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Measuring audio quality degradation
Rotareneg
post Feb 25 2014, 02:49
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In order to come close to being able to define a "better/worse" scale, you'll have to be very specific about the scenario you are targeting. One scale that targets young listeners who like to sit in a quiet room with good equipment and pay close attention to the music is going to be very different than a scale targeting older people who visit heavy metal concerts all the time and who will be listening with crummy noise-canceling headphones while working in a noisy factory.

That's why people say that, for example, a 128 kbps MP3 made with a decent encoder is likely to be perceived as the same as the original by most people, most of the time, with most music, not all people all of the time with all music. Even if we has a "perfect" psycoacoustic model, you'd still run into the fact that the particular situation of each individual listener is going to be different.

As for your original question: Without reference to the original recording you won't be able to be certain that any audio you obtain is going to sound "authentic" as there's nothing keeping someone from running the audio through an EQ or other processing before compressing it, even for lossless files, and this even applies to physical media like CDs, where you might run into remastered versions with more DRC or different EQ, or whatever.
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AstralStorm
post Feb 25 2014, 09:14
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Indeed, that's what properly ran ABC/HR trials are for and why you need anchors in the scale, both top anchor and bottom anchor. (Unless you're measuring the extreme top, then you might need two bottom anchors.) Even with bad equipment you might be able to hear the difference. (Or perhaps actually it might be easier.)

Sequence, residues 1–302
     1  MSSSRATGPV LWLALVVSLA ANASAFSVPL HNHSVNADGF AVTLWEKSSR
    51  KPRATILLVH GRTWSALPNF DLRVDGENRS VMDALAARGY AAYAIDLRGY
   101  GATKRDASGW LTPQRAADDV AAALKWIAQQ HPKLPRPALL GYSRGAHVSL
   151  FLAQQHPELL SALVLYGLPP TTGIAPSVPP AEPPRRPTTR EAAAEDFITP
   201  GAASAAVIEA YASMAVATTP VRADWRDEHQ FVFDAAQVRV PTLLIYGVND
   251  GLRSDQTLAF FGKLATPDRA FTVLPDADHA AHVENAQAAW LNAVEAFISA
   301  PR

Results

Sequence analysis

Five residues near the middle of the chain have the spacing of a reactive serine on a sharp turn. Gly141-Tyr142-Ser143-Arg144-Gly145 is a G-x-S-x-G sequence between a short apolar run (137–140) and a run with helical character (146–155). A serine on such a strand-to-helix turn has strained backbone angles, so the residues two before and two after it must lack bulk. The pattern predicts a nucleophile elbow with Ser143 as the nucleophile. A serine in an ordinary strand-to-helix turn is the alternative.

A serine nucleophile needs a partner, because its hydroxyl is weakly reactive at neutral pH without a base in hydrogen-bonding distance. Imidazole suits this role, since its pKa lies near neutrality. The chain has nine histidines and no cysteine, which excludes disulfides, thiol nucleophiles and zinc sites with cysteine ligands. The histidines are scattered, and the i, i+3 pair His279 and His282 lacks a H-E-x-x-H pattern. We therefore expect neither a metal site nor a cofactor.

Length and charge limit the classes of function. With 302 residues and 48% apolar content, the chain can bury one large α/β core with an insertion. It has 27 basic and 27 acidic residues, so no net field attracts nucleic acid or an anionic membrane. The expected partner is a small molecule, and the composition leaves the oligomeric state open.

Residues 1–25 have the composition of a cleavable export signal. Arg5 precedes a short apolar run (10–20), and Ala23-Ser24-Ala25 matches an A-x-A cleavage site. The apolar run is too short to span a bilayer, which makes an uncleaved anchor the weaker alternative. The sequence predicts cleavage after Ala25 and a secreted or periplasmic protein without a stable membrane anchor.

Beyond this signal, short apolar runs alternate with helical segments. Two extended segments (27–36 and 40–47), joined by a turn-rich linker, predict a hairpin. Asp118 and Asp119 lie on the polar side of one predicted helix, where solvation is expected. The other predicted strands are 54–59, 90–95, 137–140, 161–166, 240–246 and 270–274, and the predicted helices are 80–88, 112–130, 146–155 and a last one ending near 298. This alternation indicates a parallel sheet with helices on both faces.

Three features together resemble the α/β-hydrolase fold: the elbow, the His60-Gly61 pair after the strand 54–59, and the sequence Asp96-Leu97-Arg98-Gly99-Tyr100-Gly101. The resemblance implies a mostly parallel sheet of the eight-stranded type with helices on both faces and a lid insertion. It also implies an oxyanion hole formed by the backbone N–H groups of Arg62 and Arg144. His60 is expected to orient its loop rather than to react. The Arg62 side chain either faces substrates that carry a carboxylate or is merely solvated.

Generally the differences compress but the rating ordering still remains. The differences may turn insignificant though.

This post has been edited by AstralStorm: Feb 25 2014, 09:19


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ruxvilti'a
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Arnold B. Kruege...
post Feb 27 2014, 13:56
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QUOTE (AstralStorm @ Feb 25 2014, 03:14) *
Indeed, that's what properly ran ABC/HR trials are for and why you need anchors in the scale, both top anchor and bottom anchor. (Unless you're measuring the extreme top, then you might need two bottom anchors.) Even with bad equipment you might be able to hear the difference. (Or perhaps actually it might be easier.)

Generally the differences compress but the rating ordering still remains. The differences may turn insignificant though.


Seems to completely miss the point is that when measured performance is sufficiently high (e.g. the 100 dB rule) subjective tests are a complete and total waste of time.
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